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Baker Institute report: San Francisco is uncontested as America’s startup capital
HOUSTON – (Dec. 22, 2017) – The nation’s top startup cities for 2016 are, in ranked order, San Francisco; New York City (Manhattan); Boston; Cambridge, Mass.; Palo Alto, Calif.; Austin, Texas; and Seattle, according to a report from Rice University’s Baker Institute for Public Policy.
http://news.rice.edu/files/2017/12/0108_STARTUPS-1bjfroa.jpg“The Top U.S. Startup Cities for 2016” (https://www.bakerinstitute.org/research/top-100-us-startup-cities-2016/) ranks the top 100 cities by venture capital funding. The report was co-authored by Ed Egan (http://bakerinstitute.org/experts/edward-j-egan) , fellow of the Baker Institute and director of the institute’s McNair Center for Entrepreneurship and Innovation (http://bakerinstitute.org/mcnair-center-for-entrepreneurship-and-innovation) ; Anne Dayton, research manager at the McNair Center; and Diana Carranza, graduate researcher at the McNair Center.
The authors found 2016 was a slightly down year for venture capital investment. The total amount of seed, early and later-stage (also known as growth investment) venture capital invested in startup companies dropped to $33 billion from $41 billion in the previous year. The number of U.S. startups receiving for the first time growth investment from a venture capital firm also declined -- to 1,041 from the 1,347 “new deals” recorded in 2015. The total stock of active venture-backed startups based in the U.S. leveled out at 9,656, having risen just past 9,700 in the previous year.
As in past years, startup activity was concentrated in a select set of American cities. For 2016, the top 50 cities took more than 73 percent of dollars invested, accounted for 70 percent of new deals and housed 69 percent of venture capital-backed startups. The next 50 cities had much lower startup activity. Cities ranked 51 to 100 collectively took just 9 percent of dollars invested, accounted for about 11 percent of new deals and housed around 11 percent of venture-backed startups.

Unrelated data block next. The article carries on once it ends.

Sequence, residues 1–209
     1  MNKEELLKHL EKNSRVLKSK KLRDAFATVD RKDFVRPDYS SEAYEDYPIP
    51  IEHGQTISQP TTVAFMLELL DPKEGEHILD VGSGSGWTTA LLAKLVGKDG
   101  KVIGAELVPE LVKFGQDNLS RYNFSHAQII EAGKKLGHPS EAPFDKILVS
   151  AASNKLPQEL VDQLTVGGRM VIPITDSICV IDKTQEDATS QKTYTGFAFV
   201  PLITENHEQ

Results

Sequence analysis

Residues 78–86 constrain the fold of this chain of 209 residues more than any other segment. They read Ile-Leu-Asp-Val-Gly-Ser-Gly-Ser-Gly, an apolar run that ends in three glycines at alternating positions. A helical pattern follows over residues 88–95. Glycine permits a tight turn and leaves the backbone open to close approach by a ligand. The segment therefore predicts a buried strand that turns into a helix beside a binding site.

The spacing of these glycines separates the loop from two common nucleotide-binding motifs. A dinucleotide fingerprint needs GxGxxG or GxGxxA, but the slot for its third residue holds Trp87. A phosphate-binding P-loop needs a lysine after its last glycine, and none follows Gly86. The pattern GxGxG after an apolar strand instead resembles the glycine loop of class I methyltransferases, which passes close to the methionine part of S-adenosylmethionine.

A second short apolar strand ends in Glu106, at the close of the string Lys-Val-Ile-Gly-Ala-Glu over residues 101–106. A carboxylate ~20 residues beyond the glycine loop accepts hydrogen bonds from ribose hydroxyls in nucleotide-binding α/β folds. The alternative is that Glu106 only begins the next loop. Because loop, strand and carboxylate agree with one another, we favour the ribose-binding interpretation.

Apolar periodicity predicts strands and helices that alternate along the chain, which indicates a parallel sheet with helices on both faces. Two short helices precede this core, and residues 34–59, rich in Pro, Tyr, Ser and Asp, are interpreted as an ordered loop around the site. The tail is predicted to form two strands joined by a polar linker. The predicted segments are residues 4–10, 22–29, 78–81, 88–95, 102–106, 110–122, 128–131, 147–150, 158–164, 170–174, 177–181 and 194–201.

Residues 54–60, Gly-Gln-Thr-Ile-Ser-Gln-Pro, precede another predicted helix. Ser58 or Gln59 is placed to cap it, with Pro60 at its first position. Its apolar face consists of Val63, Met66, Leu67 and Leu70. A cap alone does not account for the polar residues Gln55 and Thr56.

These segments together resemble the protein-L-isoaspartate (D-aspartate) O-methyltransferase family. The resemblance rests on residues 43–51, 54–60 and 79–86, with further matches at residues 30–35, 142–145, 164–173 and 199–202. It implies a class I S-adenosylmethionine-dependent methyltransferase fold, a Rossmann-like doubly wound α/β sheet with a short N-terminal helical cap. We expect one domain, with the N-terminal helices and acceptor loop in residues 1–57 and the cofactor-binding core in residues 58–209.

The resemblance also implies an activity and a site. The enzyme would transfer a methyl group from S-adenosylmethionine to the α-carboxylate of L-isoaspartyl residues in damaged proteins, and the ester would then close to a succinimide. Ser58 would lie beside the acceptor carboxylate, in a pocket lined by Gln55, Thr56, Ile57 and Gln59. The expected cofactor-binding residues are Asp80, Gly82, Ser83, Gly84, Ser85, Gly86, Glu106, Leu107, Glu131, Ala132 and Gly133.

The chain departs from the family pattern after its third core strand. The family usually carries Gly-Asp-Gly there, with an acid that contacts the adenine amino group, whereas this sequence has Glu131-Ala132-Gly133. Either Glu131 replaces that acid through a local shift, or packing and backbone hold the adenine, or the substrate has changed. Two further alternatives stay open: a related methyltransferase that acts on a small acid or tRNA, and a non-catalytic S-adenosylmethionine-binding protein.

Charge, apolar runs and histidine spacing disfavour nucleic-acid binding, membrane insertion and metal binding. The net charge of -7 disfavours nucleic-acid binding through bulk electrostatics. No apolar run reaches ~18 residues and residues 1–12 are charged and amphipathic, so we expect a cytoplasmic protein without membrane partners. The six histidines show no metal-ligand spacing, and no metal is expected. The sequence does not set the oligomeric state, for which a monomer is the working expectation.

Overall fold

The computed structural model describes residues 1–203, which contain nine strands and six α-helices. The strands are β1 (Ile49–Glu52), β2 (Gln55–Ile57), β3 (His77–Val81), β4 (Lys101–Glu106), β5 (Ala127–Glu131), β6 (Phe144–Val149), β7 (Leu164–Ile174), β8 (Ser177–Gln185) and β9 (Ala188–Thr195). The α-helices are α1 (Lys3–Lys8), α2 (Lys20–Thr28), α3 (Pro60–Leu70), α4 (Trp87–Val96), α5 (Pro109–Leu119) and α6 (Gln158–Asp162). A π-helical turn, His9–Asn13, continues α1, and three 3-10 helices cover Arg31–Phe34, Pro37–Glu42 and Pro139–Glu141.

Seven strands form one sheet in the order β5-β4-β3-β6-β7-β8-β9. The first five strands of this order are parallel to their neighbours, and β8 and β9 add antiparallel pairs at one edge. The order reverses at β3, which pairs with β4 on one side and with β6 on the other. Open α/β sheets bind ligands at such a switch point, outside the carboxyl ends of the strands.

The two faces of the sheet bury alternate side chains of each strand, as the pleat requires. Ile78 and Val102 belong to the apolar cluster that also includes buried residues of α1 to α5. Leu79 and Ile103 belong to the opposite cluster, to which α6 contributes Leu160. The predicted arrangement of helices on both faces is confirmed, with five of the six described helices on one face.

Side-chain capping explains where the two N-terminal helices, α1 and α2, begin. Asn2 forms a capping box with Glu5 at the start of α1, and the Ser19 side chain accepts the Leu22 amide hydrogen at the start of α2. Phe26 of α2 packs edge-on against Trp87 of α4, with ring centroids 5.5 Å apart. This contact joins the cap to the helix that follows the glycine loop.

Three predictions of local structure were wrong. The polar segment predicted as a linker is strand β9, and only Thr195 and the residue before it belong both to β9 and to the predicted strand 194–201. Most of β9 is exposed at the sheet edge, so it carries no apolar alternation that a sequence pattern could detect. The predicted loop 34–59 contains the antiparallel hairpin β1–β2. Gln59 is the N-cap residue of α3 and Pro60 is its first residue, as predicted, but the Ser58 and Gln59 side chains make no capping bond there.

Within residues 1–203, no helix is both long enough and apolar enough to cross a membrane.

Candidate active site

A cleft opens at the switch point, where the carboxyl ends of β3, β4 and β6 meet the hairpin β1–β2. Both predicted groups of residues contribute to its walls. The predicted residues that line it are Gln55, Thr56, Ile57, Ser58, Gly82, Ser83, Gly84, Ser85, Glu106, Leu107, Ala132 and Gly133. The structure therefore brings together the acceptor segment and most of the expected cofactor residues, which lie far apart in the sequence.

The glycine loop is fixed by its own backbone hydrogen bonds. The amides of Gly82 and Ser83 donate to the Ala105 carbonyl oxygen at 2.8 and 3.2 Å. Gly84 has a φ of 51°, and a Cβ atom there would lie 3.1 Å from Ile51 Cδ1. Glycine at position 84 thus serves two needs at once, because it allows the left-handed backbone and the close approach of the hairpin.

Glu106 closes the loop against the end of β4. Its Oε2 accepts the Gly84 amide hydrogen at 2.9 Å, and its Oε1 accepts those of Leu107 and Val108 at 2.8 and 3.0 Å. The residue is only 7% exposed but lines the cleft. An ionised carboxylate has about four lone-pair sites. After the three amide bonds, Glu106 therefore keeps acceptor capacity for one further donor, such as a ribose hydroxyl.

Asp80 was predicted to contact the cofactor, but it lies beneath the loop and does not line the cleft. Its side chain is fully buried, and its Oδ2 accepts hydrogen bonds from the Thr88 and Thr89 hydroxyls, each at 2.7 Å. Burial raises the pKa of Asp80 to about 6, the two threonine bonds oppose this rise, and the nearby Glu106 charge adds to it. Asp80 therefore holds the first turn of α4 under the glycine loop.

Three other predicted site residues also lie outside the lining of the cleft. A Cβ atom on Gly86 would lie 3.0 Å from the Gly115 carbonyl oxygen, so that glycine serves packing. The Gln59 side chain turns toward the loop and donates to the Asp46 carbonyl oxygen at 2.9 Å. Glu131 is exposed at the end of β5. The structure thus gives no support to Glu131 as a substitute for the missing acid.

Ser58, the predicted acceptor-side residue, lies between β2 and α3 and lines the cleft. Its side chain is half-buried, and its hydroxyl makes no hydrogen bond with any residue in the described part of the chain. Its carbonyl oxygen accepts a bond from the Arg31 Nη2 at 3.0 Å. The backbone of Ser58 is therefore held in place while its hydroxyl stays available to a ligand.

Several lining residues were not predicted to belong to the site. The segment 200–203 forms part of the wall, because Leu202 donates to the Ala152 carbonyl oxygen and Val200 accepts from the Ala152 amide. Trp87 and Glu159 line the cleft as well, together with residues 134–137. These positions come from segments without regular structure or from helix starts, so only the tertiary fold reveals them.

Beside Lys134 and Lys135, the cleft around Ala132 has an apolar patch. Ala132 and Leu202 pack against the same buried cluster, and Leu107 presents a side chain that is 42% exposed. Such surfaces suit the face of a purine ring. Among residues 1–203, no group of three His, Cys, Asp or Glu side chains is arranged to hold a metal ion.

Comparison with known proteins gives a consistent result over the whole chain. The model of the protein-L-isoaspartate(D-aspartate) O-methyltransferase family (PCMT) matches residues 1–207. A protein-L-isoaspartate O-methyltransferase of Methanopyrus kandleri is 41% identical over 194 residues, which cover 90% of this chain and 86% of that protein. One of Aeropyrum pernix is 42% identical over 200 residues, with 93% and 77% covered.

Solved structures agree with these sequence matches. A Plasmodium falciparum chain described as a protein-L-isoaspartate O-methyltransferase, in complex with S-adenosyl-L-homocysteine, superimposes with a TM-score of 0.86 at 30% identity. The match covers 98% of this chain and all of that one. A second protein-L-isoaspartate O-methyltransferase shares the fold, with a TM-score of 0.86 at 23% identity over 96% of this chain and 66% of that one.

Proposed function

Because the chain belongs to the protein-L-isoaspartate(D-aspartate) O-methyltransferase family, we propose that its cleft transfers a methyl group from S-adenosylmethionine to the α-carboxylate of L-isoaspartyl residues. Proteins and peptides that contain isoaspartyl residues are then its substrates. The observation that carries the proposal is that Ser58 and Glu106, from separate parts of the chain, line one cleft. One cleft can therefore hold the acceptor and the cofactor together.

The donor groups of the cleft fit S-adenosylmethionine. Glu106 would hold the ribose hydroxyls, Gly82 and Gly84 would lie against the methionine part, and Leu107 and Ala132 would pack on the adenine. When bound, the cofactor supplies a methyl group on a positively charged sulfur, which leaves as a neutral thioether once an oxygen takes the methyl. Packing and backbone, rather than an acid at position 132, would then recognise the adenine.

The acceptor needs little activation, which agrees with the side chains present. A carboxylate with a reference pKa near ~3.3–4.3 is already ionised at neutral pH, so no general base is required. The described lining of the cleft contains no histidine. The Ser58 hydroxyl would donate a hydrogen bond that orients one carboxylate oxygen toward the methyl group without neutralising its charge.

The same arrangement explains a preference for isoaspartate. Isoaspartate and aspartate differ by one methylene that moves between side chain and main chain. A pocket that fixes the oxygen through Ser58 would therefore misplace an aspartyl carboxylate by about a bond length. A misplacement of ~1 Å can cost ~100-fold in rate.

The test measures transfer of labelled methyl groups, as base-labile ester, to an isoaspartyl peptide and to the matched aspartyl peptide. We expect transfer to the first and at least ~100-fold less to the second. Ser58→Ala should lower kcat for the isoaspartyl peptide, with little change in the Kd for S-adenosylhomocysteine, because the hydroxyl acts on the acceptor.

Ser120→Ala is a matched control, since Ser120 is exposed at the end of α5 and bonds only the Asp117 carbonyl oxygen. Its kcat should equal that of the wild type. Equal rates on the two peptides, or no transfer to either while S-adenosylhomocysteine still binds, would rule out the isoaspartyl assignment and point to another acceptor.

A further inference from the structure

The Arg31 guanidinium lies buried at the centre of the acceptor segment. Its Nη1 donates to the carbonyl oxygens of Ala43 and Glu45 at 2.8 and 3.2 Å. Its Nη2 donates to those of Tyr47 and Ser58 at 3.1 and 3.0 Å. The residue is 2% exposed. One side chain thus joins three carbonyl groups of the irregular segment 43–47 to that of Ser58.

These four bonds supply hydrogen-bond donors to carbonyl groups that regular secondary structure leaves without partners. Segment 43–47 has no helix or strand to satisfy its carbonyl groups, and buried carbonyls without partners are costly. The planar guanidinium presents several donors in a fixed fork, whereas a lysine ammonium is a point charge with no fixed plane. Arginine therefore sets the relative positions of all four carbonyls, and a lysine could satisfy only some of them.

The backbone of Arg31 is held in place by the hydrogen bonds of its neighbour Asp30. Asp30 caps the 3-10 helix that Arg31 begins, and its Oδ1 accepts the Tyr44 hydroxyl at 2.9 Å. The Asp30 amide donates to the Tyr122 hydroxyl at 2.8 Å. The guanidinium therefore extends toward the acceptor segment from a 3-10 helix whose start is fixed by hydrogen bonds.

The authors placed the top 50 U.S. cities into three tiers: The first tier is the top seven cities -- the only seven U.S. cities to receive more than 20 deals in 2016. “Each city in this tier is an example of a major and highly successful startup ecosystem,” the authors wrote. “The second tier, made up of 29 cities, ranges from would-be top-tier cities that are small and fully saturated (like Menlo Park, Calif.) and giants in the making (like Chicago) all the way down to those that appear to have just reached critical mass. Third-tier cities have some startup activity -- they are still top 50 cities -- but they haven’t reached the threshold for us to confidently proclaim them as achieving a virtuous and self-sustaining cycle of startup activity.”
San Francisco, ranked highest on each individual measure and the clear winner again on the composite rank, also has the sixth-highest number of startups per capita of any other top 50 city, the authors said. “Palo Alto and Menlo Park, both bordering Stanford University, have the highest per-capita counts overall, and they are bordered by Mountain View and Redwood City, the next-densest startup cities in the U.S.,” the authors wrote. “The Bay Area has seen a viral spread of startup activity, and San Francisco -- as the West Bay’s largest city -- is uncontested as America’s startup capital.”
Two New York City boroughs -- Brooklyn, ranked 24th, and Long Island City (a part of Queens), ranked 83rd -- appear in the top 100 ranking along with Manhattan. “Manhattan has held second place for a decade now,” the authors wrote. “With a startup density around one-fifteenth that of San Francisco, Manhattan’s ecosystem has room to grow substantially and could one day take over the top spot in the ranking.”